And at a deeper, non-conceptual level of luminous awareness, something else happens that is hard to put into words, really. There is a shamanic shift by which that once-fierce Javan tiger now looks out through my own eyes in the world, this bardo alive with the dead. Perhaps in my dying a little inside, I carve out some sacred space for him to live and to have a say in the affairs of this degenerate age. This is the spirit of tonglen practice, by which I exchange my (priveleged) self with other. I take on the immense suffering of my four-legged, winged and finned friends, the darkness of extinction, extirpation, and migration. I allow it’s cumulative sadness to explode the dark shell of ignorance that encases my heart, and from the vast, open expansiveness that is generated by this explosive psychic energy, I give up this life in my mind, let go of that which gives rise to suffering on such scales, and make a humble offering of my vitality and tears. And in that exchange, there is some measure of atonement (at-one-ment) and reconciliation.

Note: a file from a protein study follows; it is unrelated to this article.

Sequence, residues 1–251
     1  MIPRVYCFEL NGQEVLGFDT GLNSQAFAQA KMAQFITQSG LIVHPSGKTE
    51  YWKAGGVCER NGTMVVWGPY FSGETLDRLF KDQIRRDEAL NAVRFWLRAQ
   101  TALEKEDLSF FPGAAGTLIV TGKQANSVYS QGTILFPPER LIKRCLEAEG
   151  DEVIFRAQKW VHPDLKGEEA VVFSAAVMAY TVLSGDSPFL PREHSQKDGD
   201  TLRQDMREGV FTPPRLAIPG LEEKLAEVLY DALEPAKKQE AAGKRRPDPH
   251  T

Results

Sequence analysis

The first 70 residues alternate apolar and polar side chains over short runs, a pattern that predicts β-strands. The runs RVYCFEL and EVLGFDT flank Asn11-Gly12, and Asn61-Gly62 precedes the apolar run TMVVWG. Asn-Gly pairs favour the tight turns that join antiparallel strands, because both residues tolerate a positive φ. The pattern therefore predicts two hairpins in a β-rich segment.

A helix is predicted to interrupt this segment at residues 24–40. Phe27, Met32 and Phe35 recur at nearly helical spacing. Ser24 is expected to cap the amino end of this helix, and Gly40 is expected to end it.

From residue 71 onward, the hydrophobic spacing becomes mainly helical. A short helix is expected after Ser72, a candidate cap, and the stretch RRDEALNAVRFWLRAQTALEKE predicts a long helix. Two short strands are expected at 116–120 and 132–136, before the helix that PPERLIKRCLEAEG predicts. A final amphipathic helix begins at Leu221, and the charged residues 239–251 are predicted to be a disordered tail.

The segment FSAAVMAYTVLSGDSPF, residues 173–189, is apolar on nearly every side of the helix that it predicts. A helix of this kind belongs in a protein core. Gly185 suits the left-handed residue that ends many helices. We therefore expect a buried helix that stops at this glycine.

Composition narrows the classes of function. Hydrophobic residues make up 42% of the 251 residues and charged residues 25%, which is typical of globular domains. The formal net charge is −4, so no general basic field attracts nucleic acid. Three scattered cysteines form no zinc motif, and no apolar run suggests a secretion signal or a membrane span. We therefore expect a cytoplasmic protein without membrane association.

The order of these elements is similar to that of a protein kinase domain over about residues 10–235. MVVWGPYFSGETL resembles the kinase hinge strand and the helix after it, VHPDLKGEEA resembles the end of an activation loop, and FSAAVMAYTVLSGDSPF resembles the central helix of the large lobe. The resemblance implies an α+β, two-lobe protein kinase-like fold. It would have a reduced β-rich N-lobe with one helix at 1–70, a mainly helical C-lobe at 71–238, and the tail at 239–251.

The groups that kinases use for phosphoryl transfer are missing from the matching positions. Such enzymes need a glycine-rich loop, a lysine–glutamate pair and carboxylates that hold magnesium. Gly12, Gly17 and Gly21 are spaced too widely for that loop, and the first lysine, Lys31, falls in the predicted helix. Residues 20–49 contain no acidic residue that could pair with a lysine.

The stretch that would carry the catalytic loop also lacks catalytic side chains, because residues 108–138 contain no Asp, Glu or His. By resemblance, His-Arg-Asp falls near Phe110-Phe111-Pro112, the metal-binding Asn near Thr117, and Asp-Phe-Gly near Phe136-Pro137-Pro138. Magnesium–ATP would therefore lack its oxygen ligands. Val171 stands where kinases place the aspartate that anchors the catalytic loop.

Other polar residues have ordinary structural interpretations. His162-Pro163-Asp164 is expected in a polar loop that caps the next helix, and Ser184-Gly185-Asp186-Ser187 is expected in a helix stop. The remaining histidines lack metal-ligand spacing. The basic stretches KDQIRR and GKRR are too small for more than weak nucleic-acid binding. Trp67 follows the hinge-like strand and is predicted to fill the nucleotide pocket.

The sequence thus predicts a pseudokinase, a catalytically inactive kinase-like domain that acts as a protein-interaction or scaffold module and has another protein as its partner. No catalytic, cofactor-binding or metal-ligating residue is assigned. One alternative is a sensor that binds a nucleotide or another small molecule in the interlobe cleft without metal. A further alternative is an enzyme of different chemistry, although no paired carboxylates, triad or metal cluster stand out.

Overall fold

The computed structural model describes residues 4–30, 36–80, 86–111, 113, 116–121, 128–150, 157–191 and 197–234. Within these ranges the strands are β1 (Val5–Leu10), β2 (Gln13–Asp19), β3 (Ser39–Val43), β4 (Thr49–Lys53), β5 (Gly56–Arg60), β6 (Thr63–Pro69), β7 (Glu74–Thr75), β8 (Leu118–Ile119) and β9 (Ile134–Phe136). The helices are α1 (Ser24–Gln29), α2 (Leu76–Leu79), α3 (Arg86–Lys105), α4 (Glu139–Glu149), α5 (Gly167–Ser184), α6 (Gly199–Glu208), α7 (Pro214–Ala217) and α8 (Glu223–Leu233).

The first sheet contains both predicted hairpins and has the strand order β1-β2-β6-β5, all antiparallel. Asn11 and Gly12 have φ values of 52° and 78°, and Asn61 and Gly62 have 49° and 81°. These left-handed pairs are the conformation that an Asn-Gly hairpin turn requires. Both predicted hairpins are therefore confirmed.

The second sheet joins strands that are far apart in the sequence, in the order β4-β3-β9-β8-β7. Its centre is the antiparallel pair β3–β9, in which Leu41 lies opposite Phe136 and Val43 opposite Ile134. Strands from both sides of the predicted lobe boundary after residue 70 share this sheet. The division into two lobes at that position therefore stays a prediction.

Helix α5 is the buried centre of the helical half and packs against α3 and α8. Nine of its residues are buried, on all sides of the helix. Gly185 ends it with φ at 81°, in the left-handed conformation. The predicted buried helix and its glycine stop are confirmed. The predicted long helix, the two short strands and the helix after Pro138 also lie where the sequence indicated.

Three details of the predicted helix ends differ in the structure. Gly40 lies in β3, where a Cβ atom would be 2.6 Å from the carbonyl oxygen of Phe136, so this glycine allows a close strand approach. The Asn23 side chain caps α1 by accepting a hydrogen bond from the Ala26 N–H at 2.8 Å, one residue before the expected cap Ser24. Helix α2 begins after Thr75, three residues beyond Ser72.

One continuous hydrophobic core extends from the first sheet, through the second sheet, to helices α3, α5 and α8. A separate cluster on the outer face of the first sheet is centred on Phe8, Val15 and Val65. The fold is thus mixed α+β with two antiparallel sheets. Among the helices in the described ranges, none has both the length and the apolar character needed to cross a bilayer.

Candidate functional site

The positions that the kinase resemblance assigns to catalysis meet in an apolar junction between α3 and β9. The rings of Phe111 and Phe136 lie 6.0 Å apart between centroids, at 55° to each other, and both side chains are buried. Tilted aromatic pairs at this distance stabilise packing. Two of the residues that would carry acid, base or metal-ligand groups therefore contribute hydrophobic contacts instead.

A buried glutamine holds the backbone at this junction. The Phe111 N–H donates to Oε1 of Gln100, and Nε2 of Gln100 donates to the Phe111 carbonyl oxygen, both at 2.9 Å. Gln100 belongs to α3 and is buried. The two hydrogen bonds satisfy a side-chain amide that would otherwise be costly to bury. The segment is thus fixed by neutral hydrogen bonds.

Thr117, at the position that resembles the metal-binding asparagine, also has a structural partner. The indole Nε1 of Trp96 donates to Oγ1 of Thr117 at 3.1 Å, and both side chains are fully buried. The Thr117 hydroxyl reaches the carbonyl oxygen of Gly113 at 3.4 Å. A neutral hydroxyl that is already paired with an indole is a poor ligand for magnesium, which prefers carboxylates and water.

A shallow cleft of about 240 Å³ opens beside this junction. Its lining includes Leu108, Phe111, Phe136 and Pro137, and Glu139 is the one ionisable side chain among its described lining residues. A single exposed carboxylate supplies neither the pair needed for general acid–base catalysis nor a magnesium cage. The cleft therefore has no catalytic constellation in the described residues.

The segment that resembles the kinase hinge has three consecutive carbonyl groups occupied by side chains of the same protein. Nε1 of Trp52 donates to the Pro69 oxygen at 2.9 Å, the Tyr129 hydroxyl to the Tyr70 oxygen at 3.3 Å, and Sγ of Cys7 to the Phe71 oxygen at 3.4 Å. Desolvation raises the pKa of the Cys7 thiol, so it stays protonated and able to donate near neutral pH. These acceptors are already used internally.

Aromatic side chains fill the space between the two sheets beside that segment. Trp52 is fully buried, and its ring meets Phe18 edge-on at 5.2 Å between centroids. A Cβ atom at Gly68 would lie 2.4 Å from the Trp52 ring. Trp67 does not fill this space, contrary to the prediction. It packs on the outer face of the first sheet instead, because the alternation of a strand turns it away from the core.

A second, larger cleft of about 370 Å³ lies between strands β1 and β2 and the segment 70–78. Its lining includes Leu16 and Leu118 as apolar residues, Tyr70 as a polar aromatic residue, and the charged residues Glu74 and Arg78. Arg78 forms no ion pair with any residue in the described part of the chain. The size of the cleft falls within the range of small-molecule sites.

And for now, that is enough to sustain me in these dark times. May all migrating mother sentient beings be free of suffering and its causes, and may they never be separated from higher rebirth and sorrowless bliss.